Serious neurologic events, some resulting in death, have been reported with epidural injection of corticosteroids.
Rare instances of anaphylactoid reactions have occurred in patients receiving corticosteroid therapy.
Therapy with corticosteroids should be used with great caution in these patients.
Corticosteroids can produce reversible hypothalamic pituitary adrenal (HPA) axis suppression with the potential for glucocorticosteroid insufficiency after withdrawal of treatment. Metabolic clearance of corticosteroids is decreased in hypothyroid patients and increased in hyperthyroid patients.
Infections General
Patients who are on corticosteroids are more susceptible to infections than are healthy individuals.
Fungal Infections
Corticosteroids may exacerbate systemic fungal infections and therefore should not be used in the presence of such infections unless they are needed to control drug reactions.
Special Pathogens
Latent disease may be activated or there may be an exacerbation of intercurrent infections due to pathogens.
The use of corticosteroids in active tuberculosis should be restricted to those cases of fulminating or disseminated tuberculosis in which the corticosteroid is used for the management of the disease in conjunction with an appropriate antituberculous regimen.
Administration of live or live, attenuated vaccines is contraindicated in patients receiving immunosuppressive doses of corticosteroids. Killed or inactivated vaccines may be administered. However, the response to such vaccines cannot be predicted.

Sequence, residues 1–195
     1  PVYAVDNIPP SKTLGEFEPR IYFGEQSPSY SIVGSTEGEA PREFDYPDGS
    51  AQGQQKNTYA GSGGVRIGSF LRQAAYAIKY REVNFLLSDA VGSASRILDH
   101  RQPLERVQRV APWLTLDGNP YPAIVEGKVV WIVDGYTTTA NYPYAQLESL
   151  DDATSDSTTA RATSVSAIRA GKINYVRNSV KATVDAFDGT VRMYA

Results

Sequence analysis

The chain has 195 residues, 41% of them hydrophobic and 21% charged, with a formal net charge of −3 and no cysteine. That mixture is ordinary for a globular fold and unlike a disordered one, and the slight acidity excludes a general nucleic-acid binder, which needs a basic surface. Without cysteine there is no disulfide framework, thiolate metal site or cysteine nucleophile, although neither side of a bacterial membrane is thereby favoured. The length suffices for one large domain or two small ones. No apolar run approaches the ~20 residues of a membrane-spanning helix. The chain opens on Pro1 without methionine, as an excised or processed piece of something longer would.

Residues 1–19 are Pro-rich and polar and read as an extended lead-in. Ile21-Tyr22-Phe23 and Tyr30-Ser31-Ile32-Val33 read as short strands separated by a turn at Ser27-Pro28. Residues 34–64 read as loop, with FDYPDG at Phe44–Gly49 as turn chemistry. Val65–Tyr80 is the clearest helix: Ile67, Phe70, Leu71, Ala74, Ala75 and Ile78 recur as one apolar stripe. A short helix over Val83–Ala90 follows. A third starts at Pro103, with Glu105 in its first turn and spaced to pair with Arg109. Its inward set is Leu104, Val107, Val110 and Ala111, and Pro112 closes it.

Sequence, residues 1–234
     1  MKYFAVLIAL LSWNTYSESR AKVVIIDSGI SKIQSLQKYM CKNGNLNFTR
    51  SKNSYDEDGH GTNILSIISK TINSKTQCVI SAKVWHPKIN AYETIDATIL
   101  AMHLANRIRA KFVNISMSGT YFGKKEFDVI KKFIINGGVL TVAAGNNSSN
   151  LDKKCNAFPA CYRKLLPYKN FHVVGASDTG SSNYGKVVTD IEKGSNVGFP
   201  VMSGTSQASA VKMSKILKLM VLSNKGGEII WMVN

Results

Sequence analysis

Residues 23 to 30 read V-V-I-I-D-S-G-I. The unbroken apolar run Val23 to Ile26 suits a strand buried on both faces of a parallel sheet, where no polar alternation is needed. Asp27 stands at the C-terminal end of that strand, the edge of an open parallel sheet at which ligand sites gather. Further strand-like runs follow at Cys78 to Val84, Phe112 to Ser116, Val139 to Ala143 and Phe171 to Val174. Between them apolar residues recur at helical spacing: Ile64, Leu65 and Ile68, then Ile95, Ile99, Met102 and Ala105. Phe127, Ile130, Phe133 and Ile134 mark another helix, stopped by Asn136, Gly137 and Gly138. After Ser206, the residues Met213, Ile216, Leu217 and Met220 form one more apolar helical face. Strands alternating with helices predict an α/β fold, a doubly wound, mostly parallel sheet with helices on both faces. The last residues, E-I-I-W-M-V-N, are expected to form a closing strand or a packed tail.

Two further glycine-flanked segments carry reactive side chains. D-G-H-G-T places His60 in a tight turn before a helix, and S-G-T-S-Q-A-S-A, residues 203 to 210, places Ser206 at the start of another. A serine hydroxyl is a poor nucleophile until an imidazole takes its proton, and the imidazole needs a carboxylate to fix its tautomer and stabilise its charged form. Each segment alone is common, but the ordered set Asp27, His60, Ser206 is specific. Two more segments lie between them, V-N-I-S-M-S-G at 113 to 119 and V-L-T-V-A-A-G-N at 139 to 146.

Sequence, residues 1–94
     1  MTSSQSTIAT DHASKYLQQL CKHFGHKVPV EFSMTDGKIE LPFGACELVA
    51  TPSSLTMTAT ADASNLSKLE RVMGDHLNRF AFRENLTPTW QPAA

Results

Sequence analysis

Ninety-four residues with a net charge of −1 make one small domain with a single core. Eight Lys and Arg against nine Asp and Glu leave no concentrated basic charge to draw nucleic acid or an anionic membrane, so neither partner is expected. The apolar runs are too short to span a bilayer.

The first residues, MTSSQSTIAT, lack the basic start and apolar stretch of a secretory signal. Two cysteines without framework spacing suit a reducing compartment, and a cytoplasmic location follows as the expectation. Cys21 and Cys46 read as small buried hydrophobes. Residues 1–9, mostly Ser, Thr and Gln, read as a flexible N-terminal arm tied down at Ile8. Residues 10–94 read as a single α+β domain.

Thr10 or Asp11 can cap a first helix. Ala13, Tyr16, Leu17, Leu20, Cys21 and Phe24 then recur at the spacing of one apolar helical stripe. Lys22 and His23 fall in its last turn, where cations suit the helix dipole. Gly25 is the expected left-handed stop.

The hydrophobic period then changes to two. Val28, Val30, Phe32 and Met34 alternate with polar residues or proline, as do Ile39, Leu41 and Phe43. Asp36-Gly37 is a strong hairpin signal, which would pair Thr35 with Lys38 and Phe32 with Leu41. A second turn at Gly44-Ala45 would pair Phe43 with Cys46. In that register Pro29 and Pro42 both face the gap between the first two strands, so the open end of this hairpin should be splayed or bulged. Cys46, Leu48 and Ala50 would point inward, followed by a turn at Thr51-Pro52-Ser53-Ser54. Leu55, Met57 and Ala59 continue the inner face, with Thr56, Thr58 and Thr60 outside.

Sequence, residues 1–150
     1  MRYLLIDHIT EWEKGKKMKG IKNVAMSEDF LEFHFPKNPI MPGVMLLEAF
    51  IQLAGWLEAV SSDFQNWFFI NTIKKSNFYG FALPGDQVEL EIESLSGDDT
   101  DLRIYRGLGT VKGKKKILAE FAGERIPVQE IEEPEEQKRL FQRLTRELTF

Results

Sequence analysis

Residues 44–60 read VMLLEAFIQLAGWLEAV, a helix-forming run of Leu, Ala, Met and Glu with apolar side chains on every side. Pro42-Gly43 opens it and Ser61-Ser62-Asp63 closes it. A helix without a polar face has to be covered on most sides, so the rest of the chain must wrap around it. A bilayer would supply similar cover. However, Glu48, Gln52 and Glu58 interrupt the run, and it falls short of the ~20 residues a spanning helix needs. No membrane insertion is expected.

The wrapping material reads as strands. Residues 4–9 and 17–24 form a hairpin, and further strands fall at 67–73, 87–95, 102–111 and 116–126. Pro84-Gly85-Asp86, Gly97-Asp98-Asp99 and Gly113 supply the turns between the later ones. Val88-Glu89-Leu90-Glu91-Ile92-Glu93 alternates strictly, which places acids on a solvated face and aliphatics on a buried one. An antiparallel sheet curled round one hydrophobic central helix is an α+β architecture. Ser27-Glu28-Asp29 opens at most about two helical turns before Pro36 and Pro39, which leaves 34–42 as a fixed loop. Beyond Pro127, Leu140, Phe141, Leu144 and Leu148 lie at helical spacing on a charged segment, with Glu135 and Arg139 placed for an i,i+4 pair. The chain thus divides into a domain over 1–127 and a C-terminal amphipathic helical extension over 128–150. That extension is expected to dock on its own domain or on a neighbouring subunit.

Viral Infections
Chickenpox and measles can have a more serious or even fatal course in patients on corticosteroids.
Reports of severe medical events have been associated with the intrathecal route of administration.
Use of corticosteroids may produce posterior subcapsular cataracts, glaucoma with possible damage to the optic nerves, and may enhance the establishment of secondary ocular infections.
The lowest possible dose of corticosteroid should be used to control the condition under treatment. A risk/benefit decision must be made in each individual case as to dose and duration of treatment.
Kaposi’s sarcoma has been reported in patients receiving corticosteroid therapy, most often for chronic conditions.
These agents should be used with caution in patients with congestive heart failure, hypertension, or renal insufficiency.
Drug-induced secondary adrenocortical insufficiency may be minimized by gradual reduction of dosage. This type of relative insufficiency may persist for months after discontinuation of therapy.
Steroids should be used with caution in active or latent peptic ulcers, diverticulitis, fresh intestinal anastomoses, and nonspecific ulcerative colitis, since they may increase the risk of a perforation.